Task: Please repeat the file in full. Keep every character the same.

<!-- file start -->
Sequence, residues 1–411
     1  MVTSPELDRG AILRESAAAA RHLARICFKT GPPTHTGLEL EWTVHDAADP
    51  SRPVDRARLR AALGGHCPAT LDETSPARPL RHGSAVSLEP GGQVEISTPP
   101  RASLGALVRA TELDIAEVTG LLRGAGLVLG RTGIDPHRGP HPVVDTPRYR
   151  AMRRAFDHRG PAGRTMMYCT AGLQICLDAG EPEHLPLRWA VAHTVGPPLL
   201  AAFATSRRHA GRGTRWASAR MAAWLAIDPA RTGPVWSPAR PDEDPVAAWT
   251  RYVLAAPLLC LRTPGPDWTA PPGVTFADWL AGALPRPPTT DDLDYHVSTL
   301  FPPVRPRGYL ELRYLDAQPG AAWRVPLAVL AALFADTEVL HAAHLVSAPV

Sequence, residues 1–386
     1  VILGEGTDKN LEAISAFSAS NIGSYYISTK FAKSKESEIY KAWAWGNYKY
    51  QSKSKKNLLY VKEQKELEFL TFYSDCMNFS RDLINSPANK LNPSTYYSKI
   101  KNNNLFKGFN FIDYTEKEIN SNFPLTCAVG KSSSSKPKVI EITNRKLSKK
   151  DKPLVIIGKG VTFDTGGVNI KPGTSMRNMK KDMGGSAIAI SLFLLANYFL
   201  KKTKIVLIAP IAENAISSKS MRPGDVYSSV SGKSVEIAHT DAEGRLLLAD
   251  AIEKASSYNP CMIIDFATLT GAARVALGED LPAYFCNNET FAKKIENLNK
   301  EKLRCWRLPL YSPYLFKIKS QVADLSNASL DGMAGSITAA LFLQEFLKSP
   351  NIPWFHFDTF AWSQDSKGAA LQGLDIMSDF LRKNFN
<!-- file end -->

Sequence, residues 1–411
     1  MVTSPELDRG AILRESAAAA RHLARICFKT GPPTHTGLEL EWTVHDAADP
    51  SRPVDRARLR AALGGHCPAT LDETSPARPL RHGSAVSLEP GGQVEISTPP
   101  RASLGALVRA TELDIAEVTG LLRGAGLVLG RTGIDPHRGP HPVVDTPRYR
   151  AMRRAFDHRG PAGRTMMYCT AGLQICLDAG EPEHLPLRWA VAHTVGPPLL
   201  AAFATSRRHA GRGTRWASAR MAAWLAIDPA RTGPVWSPAR PDEDPVAAWT
   251  RYVLAAPLLC LRTPGPDWTA PPGVTFADWL AGALPRPPTT DDLDYHVSTL
   301  FPPVRPRGYL ELRYLDAQPG AAWRVPLAVL AALFADTEVL HAAHLVSAPV

Sequence, residues 1–386
     1  VILGEGTDKN LEAISAFSAS NIGSYYISTK FAKSKESEIY KAWAWGNYKY
    51  QSKSKKNLLY VKEQKELEFL TFYSDCMNFS RDLINSPANK LNPSTYYSKI
   101  KNNNLFKGFN FIDYTEKEIN SNFPLTCAVG KSSSSKPKVI EITNRKLSKK
   151  DKPLVIIGKG VTFDTGGVNI KPGTSMRNMK KDMGGSAIAI SLFLLANYFL
   201  KKTKIVLIAP IAENAISSKS MRPGDVYSSV SGKSVEIAHT DAEGRLLLAD
   251  AIEKASSYNP CMIIDFATLT GAARVALGED LPAYFCNNET FAKKIENLNK
   301  EKLRCWRLPL YSPYLFKIKS QVADLSNASL DGMAGSITAA LFLQEFLKSP
   351  NIPWFHFDTF AWSQDSKGAA LQGLDIMSDF LRKNFN